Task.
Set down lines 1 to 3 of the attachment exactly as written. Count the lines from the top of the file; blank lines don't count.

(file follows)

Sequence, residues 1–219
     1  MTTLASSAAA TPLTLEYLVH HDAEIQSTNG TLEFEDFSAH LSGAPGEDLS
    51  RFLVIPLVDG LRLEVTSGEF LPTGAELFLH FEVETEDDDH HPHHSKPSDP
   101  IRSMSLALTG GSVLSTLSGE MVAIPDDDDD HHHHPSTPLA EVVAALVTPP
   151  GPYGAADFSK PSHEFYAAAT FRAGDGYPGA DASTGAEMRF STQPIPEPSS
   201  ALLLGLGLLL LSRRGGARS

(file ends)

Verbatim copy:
Sequence, residues 1–219
     1  MTTLASSAAA TPLTLEYLVH HDAEIQSTNG TLEFEDFSAH LSGAPGEDLS
    51  RFLVIPLVDG LRLEVTSGEF LPTGAELFLH FEVETEDDDH HPHHSKPSDP